Saskatoon Queen's Bench Now Under One Roof
The Government of Saskatchewan and the Courts of Saskatchewan are pleased to announce that the renovation and expansion of the Saskatoon Court House is now complete.
“Space was always at a premium in this court house. That’s no longer the case, and I’m happy to say that the Court of Queen’s Bench in Saskatoon is now under one roof,” Justice Minister and Attorney General Gordon Wyant said. “Thanks to the hard work of everyone involved, we can more efficiently deliver justice services to the people of this city.”
Queen’s Bench operations were previously split between two separate buildings. The expansion project allowed the Family Law Division to move from the First Nations Bank Building to the location on Spadina Crescent.
“I am so pleased to have all of the Court’s Saskatoon judges under the same roof, in a wonderful, new – and renewed – building, in the same beautiful, river-front location,” Chief Justice M.D. Popescul of the Court of Queen’s Bench said. “This is now a state-of-the-art court house with modern technology, such as the video screens for jurors, enhanced security features, and additional meeting spaces that reflect the growing importance of the work Court does to resolve conflicts before they get to trial. It will serve the people of Saskatchewan well, now and in the years to come."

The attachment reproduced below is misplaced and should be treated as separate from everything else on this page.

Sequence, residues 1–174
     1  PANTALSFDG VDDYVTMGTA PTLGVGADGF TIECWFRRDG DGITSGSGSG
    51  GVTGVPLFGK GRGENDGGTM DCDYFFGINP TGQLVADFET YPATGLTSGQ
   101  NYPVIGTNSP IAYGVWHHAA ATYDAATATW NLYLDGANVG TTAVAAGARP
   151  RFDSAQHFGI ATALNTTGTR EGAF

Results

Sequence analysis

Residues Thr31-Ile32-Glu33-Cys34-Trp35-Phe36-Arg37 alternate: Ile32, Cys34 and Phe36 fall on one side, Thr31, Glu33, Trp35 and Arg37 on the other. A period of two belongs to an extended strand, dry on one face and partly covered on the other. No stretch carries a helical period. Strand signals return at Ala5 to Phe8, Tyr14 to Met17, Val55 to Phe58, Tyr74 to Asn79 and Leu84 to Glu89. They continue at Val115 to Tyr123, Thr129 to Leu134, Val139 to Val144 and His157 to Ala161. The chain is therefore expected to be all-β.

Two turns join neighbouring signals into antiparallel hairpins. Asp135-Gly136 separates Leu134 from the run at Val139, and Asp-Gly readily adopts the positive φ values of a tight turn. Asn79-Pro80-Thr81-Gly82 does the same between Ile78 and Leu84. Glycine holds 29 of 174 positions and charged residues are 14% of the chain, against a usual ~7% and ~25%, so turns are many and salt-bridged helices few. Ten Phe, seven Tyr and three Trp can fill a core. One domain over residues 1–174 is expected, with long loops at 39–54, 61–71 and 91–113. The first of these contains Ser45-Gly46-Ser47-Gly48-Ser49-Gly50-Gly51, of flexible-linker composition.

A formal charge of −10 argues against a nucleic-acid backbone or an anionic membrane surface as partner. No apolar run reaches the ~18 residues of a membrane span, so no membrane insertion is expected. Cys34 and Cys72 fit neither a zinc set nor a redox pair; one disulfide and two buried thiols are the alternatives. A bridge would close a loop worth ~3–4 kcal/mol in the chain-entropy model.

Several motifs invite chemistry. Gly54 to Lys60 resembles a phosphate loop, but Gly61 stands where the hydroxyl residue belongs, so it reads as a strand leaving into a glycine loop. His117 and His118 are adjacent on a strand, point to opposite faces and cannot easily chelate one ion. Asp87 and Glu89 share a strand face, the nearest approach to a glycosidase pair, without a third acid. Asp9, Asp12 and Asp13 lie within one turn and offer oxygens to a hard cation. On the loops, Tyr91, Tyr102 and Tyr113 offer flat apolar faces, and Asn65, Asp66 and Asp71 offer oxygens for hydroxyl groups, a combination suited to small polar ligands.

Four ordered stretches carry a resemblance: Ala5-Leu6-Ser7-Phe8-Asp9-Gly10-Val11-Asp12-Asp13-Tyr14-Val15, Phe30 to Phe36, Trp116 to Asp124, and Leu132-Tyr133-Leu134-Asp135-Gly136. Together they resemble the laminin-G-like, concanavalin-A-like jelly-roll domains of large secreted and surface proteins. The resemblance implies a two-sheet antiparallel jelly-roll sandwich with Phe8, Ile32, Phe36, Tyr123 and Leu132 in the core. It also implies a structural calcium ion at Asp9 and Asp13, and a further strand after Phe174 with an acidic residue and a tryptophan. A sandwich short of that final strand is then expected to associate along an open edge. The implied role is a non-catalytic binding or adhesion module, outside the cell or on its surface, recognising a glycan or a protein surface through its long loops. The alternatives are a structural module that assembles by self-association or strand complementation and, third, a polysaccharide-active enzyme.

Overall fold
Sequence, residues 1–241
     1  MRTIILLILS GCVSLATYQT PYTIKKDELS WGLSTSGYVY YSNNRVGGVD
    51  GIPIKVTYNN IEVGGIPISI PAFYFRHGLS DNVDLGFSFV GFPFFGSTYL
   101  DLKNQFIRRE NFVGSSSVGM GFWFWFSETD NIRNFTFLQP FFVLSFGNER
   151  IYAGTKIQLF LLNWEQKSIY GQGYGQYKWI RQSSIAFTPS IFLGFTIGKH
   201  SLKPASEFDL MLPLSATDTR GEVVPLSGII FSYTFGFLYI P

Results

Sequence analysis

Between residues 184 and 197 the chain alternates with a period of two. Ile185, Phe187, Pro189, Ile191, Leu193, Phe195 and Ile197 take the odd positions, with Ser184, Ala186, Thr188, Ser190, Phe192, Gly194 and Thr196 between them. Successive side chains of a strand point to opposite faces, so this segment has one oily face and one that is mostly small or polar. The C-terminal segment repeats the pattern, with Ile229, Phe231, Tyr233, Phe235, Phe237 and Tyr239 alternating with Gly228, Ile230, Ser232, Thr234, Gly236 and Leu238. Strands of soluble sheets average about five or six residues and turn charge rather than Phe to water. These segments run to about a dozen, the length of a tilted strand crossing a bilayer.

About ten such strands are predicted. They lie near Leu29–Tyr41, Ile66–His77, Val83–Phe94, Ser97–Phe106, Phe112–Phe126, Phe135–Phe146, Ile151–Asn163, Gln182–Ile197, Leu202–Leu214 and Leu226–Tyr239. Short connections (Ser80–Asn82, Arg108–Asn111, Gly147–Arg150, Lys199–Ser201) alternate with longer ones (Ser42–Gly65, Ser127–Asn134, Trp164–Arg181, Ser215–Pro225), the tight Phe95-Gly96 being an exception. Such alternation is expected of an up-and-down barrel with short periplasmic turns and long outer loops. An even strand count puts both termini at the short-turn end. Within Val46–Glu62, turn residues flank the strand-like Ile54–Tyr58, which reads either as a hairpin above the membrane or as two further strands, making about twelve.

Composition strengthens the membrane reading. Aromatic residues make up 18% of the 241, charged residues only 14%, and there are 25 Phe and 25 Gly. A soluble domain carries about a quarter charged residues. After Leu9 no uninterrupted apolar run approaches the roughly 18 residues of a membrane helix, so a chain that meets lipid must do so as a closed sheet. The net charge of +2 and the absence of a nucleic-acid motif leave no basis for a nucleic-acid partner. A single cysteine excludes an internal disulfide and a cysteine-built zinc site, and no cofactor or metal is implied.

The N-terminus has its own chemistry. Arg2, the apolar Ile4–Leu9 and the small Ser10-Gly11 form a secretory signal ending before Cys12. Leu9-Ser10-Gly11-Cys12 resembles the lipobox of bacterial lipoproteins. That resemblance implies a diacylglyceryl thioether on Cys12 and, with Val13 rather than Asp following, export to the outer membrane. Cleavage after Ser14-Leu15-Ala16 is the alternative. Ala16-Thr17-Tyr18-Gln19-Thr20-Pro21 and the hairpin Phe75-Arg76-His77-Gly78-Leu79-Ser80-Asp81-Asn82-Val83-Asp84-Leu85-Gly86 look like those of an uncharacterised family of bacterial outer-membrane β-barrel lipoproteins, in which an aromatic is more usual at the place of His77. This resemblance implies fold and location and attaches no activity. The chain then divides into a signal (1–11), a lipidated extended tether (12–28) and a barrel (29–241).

Renovations to the original 1958 building finished in December 2015. Construction of the expansion began in 2011 and was finished in the spring of 2014. The four-story addition includes two courtrooms, the new registrar’s office, office space for judges, and below-ground parking.
Five different Saskatchewan businesses contributed to the work that was done on the Court House. These companies include Henry Downing Architects, Daniels Wingerak Engineering, Robb Kullman Engineering LLP, PWA Engineering, and Graham Construction.
“This project is another example of how government is planning for the future while at the same time preserving our heritage,” Central Services Minister Jennifer Campeau said. “The addition and renovations will improve the functionality of a facility that plays an important role in the community, while maintaining the best of its historic features”.
The total cost of the project was $31.2 million.